Volvo is one of many automakers that has now outlined plans to go entirely electric — and the new Volvo Concept Recharge gives us a strong hint of what its next-generation battery cars will look like.
The Swedish marque’s first long-range battery-electric vehicle, the XC40 Recharge, went on sale earlier this year, looking much in line with the rest of the broader Volvo family. The next BEV, an all-electric version of the flagship XC90, isn’t expected to stray much further. But the Concept Recharge suggests, longer term, Volvo will take better advantage of the flexibility designers will have using a skateboard-like platform where the entire powertrain has been moved below the load floor.
“Our Concept Recharge represents a manifesto for the all-electric future of Volvo Cars, as well as a new type of vehicle,” said Robin Page, head of Design at Volvo Cars. “It displays new and modern proportions that go hand in hand with increased versatility and shows what technology can enable in terms of design.”
The new Volvo Concept falls somewhere between a conventional wagon and SUV, with a more coupe-like roofline than current Volvos. It does pick up on some familiar styling cues, notably the Thor’s Hammer headlights and vertical tail lamps. But a closer look reveals some dramatic changes in the BEV’s design and proportions.
Even the familiar details get updated
For one thing, there’s no conventional grille. With far less need for air when using electric motors, Volvo stylists opted for a relatively flat and sealed front fascia boasting a backlit version of the familiar Volvo “iron mark” logo. Even the headlights add a new, higher-tech dimension, the handle portion opening, much like eyelids, to reveal additional LED elements at night. The taillights, meanwhile, are designed to extend at highway speeds to improve aerodynamics.
With batteries and motors mounted below the load floor, there’s no need for a conventional engine compartment — though some power electronics are still mounted up front. This allowed Volvo designers to stretch the wheelbase and move the larger wheels closer to the concept’s corners.
Since Volvo envisioned the Concept Recharge as a BEV from the start, there are clear benefits for passengers.
The prototype features a shorter front end, the cabin recapturing some space that previously would have been used for an internal combustion engine. And Volvo confirms the cabin will boast flat floors, no surprise since there’s no need for a driveshaft. While it’s highly likely an all-wheel-drive version of a production model would be offered, front and rear axles would feature independent electric motors.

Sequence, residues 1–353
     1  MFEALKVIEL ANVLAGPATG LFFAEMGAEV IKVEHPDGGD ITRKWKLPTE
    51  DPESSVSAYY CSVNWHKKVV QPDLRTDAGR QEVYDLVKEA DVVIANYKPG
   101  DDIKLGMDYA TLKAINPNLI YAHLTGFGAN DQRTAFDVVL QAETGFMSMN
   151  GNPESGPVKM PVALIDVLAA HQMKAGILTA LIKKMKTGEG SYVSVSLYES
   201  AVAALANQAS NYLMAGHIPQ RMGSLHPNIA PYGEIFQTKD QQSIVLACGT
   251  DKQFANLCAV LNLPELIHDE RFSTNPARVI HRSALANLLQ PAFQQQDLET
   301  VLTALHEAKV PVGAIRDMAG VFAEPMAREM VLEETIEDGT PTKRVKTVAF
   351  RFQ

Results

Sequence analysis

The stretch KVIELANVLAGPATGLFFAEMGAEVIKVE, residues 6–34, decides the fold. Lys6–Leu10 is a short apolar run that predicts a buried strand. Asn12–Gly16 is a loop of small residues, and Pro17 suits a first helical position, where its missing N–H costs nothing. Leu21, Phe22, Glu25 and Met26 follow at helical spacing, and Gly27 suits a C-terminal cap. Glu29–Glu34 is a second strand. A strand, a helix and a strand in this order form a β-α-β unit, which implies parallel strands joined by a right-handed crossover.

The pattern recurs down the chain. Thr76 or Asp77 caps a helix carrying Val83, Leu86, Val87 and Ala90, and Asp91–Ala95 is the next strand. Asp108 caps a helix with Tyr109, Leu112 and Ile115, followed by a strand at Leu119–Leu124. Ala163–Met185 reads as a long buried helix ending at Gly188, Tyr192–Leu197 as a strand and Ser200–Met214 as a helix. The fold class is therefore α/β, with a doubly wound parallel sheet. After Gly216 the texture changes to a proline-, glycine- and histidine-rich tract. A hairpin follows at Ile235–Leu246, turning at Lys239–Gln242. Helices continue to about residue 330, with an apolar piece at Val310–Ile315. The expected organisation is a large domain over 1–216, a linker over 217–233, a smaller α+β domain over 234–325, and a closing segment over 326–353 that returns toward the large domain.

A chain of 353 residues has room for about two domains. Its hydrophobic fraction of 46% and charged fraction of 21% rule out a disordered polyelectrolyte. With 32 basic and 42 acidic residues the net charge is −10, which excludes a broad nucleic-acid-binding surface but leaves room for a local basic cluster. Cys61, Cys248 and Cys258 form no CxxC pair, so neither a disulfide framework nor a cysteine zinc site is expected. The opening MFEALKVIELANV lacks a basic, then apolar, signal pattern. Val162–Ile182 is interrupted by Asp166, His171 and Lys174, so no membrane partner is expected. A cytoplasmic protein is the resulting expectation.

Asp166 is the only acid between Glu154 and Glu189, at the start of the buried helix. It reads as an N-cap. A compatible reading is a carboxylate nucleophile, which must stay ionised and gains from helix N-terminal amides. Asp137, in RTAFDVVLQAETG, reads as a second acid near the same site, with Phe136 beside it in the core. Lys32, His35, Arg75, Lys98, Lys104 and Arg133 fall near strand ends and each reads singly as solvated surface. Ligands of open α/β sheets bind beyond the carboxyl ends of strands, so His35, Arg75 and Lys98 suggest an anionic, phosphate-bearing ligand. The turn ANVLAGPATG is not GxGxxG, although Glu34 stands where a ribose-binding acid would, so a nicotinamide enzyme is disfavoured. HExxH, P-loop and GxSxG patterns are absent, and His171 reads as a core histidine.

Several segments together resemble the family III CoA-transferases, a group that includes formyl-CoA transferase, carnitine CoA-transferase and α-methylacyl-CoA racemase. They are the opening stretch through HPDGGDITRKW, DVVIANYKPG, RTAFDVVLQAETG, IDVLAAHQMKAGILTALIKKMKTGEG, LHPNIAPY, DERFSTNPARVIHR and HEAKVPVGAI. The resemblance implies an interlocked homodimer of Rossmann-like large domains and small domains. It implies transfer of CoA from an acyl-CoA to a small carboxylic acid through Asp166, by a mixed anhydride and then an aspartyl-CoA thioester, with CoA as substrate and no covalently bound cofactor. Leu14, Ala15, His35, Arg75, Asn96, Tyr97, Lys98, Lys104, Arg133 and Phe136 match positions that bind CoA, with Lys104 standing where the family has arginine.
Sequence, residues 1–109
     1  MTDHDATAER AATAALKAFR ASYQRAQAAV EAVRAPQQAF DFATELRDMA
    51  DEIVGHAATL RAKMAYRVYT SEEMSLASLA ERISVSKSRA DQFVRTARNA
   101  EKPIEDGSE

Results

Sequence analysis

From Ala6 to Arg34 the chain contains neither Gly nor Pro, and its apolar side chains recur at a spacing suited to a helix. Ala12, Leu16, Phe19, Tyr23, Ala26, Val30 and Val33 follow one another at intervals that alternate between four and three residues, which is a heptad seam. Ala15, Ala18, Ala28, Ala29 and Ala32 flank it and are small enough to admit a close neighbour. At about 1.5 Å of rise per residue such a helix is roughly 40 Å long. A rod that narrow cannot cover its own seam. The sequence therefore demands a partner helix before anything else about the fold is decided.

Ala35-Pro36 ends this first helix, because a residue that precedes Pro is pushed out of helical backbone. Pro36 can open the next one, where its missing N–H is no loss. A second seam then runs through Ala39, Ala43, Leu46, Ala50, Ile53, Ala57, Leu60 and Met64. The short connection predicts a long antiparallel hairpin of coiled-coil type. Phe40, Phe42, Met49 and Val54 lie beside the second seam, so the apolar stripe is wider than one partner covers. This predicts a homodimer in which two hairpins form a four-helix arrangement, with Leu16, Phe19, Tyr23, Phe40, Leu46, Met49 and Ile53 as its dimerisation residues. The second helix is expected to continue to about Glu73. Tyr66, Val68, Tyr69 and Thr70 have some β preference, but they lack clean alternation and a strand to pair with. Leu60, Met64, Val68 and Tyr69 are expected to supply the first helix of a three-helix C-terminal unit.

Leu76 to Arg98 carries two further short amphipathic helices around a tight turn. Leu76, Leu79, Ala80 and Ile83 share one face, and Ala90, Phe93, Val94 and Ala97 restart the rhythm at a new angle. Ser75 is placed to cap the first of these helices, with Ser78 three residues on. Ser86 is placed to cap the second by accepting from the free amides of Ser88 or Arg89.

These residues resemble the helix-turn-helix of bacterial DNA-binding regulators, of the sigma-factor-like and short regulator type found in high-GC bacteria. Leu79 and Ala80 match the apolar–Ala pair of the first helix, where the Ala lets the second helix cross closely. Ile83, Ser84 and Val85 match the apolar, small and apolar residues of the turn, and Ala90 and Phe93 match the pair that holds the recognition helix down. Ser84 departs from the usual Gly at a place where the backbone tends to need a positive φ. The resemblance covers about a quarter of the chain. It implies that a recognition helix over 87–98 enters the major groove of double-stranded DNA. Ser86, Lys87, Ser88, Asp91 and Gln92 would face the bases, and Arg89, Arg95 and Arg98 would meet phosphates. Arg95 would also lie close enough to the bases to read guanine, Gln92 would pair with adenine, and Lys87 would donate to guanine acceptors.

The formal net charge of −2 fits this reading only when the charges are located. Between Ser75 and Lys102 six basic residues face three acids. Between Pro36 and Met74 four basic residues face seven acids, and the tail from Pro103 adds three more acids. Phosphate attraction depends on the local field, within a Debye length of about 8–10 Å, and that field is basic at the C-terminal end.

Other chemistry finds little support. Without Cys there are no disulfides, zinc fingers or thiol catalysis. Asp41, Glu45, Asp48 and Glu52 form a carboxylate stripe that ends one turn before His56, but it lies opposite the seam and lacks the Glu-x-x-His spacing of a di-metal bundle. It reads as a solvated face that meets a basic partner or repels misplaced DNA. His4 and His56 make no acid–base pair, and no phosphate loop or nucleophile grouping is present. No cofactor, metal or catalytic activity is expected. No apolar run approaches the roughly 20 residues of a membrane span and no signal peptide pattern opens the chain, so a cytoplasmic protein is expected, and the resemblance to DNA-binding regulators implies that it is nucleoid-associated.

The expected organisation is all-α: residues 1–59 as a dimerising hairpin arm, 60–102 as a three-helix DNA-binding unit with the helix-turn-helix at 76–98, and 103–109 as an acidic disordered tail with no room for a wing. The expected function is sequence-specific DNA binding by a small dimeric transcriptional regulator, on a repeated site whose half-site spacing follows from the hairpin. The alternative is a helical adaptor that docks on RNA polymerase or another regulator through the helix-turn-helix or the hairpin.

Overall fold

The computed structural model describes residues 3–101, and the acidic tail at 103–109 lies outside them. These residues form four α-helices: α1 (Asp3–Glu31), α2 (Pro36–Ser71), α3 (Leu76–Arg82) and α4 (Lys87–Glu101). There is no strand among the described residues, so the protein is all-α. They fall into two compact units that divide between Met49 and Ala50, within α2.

“Less but better”
“Continuing the theme of ‘less but better,’” Volvo said in a statement, “all unnecessary elements have been removed and what remains is treated with a high-precision, flush execution.”
The cabin is framed in by more glass than a typical Volvo wagon or SUV, and the windshield curves into the flowing roof.
The seats have an almost retro-futuristic look, like a Swedish take on the classic Eames chair. The center console floats between the two front seats, with a large storage area beneath. There are virtually no traditional controls, knobs and buttons replaced by a 15-inch, vertically oriented touchscreen.
“Inside the Concept Recharge, we create a truly Scandinavian living room feeling,” Page said. “The interior integrates our latest user experience technology with beautiful, sustainable and natural materials. Each part of the interior is like a piece of art and could stand alone as individual furniture in a room. We use the latest technologies but not for their own sake. We always focus on the benefits that technologies can bring.”
With the exception of the rear “suicide” doors and the extending taillights, most of what Volvo is showing with Concept Recharge could readily be put into production and, based on the company’s statement that may be precisely what it has in mind.
During what Volvo called a “Tech Day” presentation, the automaker also discussed some of the technology that would be used inside a production version of the Concept Recharge. For one thing, the automaker is working up a new operating system, or OS, to replace the existing one. Dubbed VolvoCars OS, it will act as an “umbrella system” to link the various technologies onboard. The new OS will manage two distinctive computer cores, one overseeing vehicle operations, the other focusing on safety systems and ride management.
That includes a more advanced driver assistance system that will let motorists operate hands-free on designated roadways. The system could go beyond what Tesla’s Autopilot and General Motors’ Super Cruise can manage today, no longer requiring motorists to constantly be at the ready to take control.
To make that possible, future products will use LIDAR, as well as other camera- and radar-based sensors. The automaker late last month said it is preparing to make LIDAR a standard feature on future products.
Volvo also has formed a partnership with Northvolt to bring to market a new form of lithium-ion batteries that could deliver as much as 625 miles per charge while also slashing charge times. They’re expected to reach production sometime after mid-decade.